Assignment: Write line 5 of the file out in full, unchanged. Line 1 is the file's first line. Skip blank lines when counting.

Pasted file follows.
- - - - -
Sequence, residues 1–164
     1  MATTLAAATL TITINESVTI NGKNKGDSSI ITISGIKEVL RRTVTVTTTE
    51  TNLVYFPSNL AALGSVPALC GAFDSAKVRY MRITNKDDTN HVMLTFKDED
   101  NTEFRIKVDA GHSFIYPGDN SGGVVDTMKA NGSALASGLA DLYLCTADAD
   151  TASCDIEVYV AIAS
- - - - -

   151  TASCDIEVYV AIAS